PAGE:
Volcanic eruptions emerge as lead cause for Little Ice Age
Sequences of explosive volcanic eruptions in the tropics were the likely trigger for the Little Ice Age, according to a new study.
The research attempts to answer two longstanding questions swirling around the roughly 400-year span of slightly cooler-than normal temperatures: Exactly when did it begin? And what was its initial trigger?
Previous estimates for the onset of the Little Ice Age range from as early as the late 1200s to as late as the 1500s, the research team notes. Globally, temperatures averaged a modest 0.6 degrees Celsius, or about 1 degree Fahrenheit cooler than usual.
But regionally, cooling could be profound. Glaciers in the Alps grew, bulldozing mountain villages. In Europe, the growing season became shorter, with spring and summers often cold and wet, triggering famines. In China, provinces that for centuries had produced bountiful citrus harvests no longer could provide them. With an additional climate-cooling blast from Mt. Tambora in Indonesia in 1815, North America and Europe experienced the year without summer in 1816....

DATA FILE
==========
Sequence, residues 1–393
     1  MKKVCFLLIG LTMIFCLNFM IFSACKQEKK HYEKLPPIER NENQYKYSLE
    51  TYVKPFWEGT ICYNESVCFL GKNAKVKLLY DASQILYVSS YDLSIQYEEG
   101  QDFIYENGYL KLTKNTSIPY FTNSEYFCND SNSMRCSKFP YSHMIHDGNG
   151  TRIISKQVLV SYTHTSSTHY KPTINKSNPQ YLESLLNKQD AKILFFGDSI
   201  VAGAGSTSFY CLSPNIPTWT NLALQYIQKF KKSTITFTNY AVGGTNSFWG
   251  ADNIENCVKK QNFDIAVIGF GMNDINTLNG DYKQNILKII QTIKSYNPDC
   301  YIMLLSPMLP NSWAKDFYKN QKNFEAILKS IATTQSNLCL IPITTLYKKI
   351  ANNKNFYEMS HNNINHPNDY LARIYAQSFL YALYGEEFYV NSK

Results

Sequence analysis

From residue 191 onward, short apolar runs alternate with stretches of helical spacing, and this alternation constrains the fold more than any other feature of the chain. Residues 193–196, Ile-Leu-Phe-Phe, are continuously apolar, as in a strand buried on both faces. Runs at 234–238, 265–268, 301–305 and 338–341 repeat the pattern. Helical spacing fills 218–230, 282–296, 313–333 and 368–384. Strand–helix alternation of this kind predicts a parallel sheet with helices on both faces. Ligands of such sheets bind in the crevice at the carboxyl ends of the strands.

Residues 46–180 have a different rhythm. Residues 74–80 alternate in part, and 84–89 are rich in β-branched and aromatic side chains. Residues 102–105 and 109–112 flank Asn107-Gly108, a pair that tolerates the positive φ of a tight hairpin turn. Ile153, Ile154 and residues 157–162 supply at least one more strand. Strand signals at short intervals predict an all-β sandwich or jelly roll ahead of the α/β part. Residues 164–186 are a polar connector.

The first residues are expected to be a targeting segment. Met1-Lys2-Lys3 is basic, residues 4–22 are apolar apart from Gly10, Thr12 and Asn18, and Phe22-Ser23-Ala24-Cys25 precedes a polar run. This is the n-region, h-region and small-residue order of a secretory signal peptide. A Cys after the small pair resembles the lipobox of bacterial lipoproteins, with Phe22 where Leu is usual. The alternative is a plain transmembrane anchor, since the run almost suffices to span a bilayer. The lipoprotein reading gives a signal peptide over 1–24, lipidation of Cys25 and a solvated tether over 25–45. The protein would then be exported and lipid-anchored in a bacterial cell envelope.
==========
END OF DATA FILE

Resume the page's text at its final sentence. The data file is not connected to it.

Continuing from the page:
comments powered by Disqus
- Most Millennials Resist the ‘Millennial’ Label
- Isis profits from destruction of antiquities by selling relics to dealers – and then blowing up the buildings they come from to conceal the evidence of looting
- China military parade commemorates WW2 victory over Japan
- New documentary explores the legacy of the 5,000 Rosenwald schools set up by a Sears magnate and Booker T. Washington
- Rare silent Native American movie of 1920s attracting a lot of interest
- Historian Evelyn Brooks Higginbotham wins National Humanities Medal
- AHA President Vicki L. Ruiz named National Humanities Medalist
- Historians of Color Are Revolutionizing the Narrative of ‘American Exceptionalism’
- Henry VIII voted worst monarch in history
- The Fuhrer style: Historian says press coverage of Hitler’s lavish life fueled his rise to power